Presidential Awards Celebrate Energy Research at Different Stages of Scientists' Careers

Science and engineering have shaped societies and sparked a revolution in thought, exploration, and innovation. Monumental moments like the Gutenberg press, Anton van Leeuwenhoek’s microscope, Einstein’s exploration of the photoelectric effect, and the sequencing of the human genome have changed how people look at the world in which they live.

The Department of Energy Office of Science (DOE) is the single largest supporter of basic research in the physical sciences in the United States. This past week, the Agency provided awards to two scientists for their lifetime achievement in energy science and a group of early career scientists for exceptional work spanning improvements in hydrogen storage, modeling of subsurface hydrologic processes, environmentally responsible chemistry, and excellence in teaching and mentoring the next generation of scientists.

On January 12, 2010, the Office of Science bestowed the Enrico Fermi award to John Bannister Goodenough, a professor at the University of Texas at Austin, and Siegfried S. Hecker, co-director of the Stanford University Center for International Security and Cooperation (CISAC) in the Freeman Spogli Institute for International Studies.

"The 2009 Enrico Fermi Award will go to two scientists who have selflessly devoted themselves to our nation's energy and national security challenges," DOE Secretary Steven Chu said. "These two individuals are pioneers in innovative research and I want to thank them for their work and congratulate them on this award."

Goodenough was awarded for his lasting contributions to materials science and technology, especially for the science underlying lithium-ion batteries, which helped launch the wireless revolution with the first cell phones, laptop computers, and mp3 players. “I had the good fortune to have the opportunity to build a bridge between physics and both solid-state and electrochemistry to achieve some targeted technological goals, as well as to pursue fundamental studies in the field of solid transition-metal compounds” recalled Goodenough.

award winnersPhoto Credit - Ken Shipp

2009 Enrico Fermi Ceremony. (from the left) Dr. Steven Koonin, Secretary of Energy Steven Chu, Dr. John Holdren, Dr. Siegfried S. Hecker (awardee), Dr. John Bannister Goodenough (awardee), and Dr. William Brinkman.

Awarded for his contributions to plutonium metallurgy and for his energetic and continuing efforts to reduce the danger of nuclear weapons around the globe, Siegfried Hecker stated, "I have been most fortunate to have worked with inspirational people at great institutions such as the Los Alamos National Laboratory and Stanford University." "I have been able to pursue my passion for science and technology, especially in the nuclear arena, and how these affect international security."

The Fermi award, established in 1956, honors the memory of Enrico Fermi, leader of the group of scientists who, on Dec. 2, 1942, achieved the first self-sustained, controlled nuclear reaction at the University of Chicago. The award perpetuates the memory of this brilliant scientist by recognizing scientists whose careers have been marked by continued outstanding achievements in the field of energy.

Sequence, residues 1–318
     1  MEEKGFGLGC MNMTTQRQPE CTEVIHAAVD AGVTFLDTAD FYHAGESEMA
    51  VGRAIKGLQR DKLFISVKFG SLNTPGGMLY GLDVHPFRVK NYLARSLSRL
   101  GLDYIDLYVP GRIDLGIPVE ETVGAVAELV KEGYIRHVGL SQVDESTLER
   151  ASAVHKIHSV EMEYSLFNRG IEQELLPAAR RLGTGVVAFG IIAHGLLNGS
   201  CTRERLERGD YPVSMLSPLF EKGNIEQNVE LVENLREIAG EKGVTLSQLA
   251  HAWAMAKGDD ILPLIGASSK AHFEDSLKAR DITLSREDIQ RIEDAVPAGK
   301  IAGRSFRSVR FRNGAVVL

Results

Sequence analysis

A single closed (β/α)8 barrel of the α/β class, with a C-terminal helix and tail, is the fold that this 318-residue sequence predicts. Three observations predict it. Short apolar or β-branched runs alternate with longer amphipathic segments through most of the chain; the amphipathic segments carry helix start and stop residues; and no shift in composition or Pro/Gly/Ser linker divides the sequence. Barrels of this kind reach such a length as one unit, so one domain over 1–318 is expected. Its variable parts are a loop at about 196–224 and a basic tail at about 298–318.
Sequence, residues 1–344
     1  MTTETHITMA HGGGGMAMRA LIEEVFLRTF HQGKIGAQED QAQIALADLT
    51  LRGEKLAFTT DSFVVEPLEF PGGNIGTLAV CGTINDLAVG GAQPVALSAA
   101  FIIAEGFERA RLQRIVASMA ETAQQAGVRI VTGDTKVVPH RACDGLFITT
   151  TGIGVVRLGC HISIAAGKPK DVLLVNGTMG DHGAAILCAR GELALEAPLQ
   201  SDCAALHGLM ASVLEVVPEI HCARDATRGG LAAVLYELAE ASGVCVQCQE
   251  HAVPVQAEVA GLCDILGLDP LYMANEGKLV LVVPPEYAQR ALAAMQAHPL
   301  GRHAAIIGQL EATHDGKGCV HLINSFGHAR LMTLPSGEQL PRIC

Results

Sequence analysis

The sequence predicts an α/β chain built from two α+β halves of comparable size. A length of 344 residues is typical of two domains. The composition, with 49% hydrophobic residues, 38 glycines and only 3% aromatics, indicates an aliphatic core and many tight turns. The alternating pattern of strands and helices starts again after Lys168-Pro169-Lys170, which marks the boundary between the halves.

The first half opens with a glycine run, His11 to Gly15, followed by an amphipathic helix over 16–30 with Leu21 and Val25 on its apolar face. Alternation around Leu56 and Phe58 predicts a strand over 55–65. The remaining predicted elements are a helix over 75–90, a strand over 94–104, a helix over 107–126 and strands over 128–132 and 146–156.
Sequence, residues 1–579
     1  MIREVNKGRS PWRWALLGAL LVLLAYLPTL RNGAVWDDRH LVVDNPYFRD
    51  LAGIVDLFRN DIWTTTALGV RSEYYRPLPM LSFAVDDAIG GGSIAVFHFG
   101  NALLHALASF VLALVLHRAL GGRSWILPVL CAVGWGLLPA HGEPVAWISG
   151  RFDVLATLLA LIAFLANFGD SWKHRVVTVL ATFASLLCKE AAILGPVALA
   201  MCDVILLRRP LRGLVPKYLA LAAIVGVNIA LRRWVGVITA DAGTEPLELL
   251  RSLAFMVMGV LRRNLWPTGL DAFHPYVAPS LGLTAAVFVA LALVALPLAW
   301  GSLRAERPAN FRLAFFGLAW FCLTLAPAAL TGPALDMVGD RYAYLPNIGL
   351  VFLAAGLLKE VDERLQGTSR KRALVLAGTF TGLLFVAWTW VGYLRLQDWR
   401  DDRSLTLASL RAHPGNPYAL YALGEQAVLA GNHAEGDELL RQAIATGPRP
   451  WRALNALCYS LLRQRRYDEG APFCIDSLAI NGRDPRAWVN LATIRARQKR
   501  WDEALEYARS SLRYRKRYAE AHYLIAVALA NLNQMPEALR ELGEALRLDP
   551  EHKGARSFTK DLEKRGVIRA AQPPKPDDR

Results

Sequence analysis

The following day, 100 researchers from nine Federal Agencies were the recipients of the Presidential Early Career Awards for Scientists and Engineers (PECASE), the highest honor bestowed by the United States government on young professionals in the early stages of their independent research careers.

The Department of Energy awarded 12 early career scientists, including:

Cecilia R. Aragon, Lawrence Berkeley National Laboratory
Gary A. Baker, Oak Ridge National Laboratory
Joshua A. Breslau, Princeton Plasma Physics Laboratory
Gianluigi Ciovati, Thomas Jefferson Lab National Accelerator Facility
Stefan P. Gerhardt, Princeton Plasma Physics Laboratory
Lynford L. Goddard, University of Illinois at Urbana-Champaign
Jason Graetz, Brookhaven National Laboratory
Jeffrey B. Neaton, Lawrence Berkeley National Laboratory
Thao D. Nguyen, Johns Hopkins University
Paul Sorensen, Brookhaven National Laboratory
Alexandre M. Tartakovsky, Pacific Northwest National Laboratory
Ivan Vitev, Los Alamos National Laboratory

award winnersPhoto Credit - Ken Shipp

DOE PECASE Awardees.

PECASE embodies the high priority the Administration places on producing outstanding scientists and engineers to advance the nation’s goals and contribute to all sectors of the economy.

“You have been selected for this honor not only because of your innovative research, but also for your demonstrated commitment to community service and public outreach,” President Obama said in a letter to the winners. “Your achievements as scientists, engineers, and engaged citizens are exemplary, and the value of your work is amplified by the inspiration you provide to others.”

PECASE was established by President Clinton in February 1996 and is coordinated by the Office of Science and Technology Policy within the Executive Office of the President. Winning scientists and engineers receive up to a five-year research grant to further their study in support of critical government missions.

This article was written by Stacy W. Kish